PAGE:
This is a challenging topic. My wife and I decided that for the first year of my studies at Chicago GSB, she will stay in Ukraine, as I will be torn apart by studies, recruitment search and socializing events. When I was in the United States for an interview, I met several students that brought their families either after the first year of education or, at least, only after the winter session, when they received summer internship offers. Only a few of them decided to come with their families from the very beginning of their studies.

In general, my work/life balance has never been a topic for disputes. When I met my wife many years ago, I had already been in the process of preparation for an MBA, so my wife accepted it as an essential part of my character.

How does the school help with this?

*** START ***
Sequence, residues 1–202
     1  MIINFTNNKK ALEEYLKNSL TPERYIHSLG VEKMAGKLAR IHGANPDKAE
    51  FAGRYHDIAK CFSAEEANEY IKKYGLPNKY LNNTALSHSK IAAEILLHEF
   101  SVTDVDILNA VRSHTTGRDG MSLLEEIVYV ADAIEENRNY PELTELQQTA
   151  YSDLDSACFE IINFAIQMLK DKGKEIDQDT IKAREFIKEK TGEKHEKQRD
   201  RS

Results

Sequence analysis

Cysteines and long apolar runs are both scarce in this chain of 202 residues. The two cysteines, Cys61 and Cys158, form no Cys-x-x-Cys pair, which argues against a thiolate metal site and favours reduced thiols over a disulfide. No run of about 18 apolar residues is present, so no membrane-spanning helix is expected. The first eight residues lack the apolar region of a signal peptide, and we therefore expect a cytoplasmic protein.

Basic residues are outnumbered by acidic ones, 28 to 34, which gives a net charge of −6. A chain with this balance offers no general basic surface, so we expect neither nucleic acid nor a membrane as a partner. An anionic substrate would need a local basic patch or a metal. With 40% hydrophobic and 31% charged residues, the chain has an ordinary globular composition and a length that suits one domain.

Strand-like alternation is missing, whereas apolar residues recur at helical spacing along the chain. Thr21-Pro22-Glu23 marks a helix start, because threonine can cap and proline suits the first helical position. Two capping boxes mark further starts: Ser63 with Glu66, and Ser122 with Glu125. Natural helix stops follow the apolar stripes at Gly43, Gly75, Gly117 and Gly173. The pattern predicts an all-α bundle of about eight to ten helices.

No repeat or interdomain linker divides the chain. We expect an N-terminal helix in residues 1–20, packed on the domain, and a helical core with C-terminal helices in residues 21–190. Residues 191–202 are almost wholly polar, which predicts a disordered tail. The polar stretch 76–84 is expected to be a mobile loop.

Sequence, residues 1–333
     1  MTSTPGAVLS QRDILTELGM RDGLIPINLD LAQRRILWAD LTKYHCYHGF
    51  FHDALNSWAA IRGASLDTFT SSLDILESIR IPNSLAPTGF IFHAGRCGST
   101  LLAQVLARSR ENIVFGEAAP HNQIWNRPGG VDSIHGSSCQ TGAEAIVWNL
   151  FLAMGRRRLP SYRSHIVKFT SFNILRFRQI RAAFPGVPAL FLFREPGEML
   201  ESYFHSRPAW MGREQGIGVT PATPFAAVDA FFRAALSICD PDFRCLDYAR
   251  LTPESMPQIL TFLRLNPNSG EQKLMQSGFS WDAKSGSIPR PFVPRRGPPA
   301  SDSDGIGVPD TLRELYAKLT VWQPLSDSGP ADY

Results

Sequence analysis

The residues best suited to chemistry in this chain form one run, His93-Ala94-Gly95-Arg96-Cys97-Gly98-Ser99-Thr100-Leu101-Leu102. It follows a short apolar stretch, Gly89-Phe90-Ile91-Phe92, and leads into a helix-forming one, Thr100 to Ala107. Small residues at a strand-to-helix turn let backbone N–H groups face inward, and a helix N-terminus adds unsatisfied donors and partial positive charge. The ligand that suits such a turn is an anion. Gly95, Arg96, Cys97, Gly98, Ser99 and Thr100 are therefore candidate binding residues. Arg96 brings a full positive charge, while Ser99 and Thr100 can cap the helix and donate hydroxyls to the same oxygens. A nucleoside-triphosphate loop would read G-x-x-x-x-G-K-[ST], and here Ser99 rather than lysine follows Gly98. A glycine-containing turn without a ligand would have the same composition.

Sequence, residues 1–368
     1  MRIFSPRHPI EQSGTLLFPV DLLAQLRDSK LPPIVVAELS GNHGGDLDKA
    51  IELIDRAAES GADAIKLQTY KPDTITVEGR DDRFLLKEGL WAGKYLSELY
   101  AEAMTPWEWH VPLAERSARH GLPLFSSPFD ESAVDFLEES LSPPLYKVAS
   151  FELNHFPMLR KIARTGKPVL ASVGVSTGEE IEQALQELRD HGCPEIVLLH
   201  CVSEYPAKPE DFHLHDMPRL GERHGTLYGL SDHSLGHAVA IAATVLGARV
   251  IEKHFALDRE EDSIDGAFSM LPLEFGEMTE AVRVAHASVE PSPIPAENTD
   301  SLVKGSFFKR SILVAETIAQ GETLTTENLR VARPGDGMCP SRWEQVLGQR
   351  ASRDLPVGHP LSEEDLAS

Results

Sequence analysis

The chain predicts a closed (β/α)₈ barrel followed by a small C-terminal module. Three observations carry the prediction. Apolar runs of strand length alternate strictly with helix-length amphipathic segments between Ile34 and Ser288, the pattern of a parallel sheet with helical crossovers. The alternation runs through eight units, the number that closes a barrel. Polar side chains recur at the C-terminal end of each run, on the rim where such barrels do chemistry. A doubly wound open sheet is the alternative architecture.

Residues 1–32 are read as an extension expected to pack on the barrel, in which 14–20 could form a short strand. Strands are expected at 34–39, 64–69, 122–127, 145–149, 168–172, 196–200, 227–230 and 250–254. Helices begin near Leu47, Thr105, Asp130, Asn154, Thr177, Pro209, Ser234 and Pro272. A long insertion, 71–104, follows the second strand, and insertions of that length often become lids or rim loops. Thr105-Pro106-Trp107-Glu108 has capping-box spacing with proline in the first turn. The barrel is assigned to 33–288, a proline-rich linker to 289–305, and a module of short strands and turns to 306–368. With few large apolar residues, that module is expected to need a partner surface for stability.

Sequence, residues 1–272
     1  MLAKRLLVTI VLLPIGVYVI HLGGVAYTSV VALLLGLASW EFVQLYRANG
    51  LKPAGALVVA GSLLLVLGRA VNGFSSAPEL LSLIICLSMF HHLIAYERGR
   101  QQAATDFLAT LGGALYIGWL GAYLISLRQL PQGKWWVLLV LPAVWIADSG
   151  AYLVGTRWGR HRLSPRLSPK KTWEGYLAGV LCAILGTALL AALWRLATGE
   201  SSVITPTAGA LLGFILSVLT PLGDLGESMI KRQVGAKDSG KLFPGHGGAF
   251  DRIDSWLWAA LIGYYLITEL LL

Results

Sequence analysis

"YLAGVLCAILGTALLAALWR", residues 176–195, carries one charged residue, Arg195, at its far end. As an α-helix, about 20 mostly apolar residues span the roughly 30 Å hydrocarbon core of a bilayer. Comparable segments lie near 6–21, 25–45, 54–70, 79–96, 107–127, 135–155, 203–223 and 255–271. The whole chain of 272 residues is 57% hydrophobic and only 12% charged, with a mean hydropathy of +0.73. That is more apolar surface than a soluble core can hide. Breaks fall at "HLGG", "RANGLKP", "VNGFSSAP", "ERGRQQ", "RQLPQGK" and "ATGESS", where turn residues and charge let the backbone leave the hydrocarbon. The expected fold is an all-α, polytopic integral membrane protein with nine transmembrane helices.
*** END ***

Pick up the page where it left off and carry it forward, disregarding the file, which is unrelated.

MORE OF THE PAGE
I do hope that the second year at the business school will be somewhat more relaxed than the first one and the previous several years, when I was under big time pressure imposed by the work at PricewaterhouseCoopers and MBA preparations.

However, I have no illusion about post-graduation years. Maybe, I will have to work even harder than I did before. On the other hand, if I set the goal to retire before 40, I think there will be pretty decent chances to succeed.

How are you financing your studies?

Currently, the only option for me to finance my studies is the loan program offered by the school. To reduce the costs I am going to pay particular attention to any external sources of finance: scholarships, fellowships, grants.

Yet many students from top-tier programs I’ve spoken with told me that it is more prudent to look for a good job after the graduation than for the ways to optimise costs. “With a good job loan issues will be solved out naturally”, they say.

Did you apply for any scholarships? If so, which ones?

I am going to apply for scholarships starting this Fall, encouraged by the example of another Ukrainian Chicago GSB admit, who won a decent scholarship from the QS World MBA Tour. I am eager to test my chances in the scholarship search.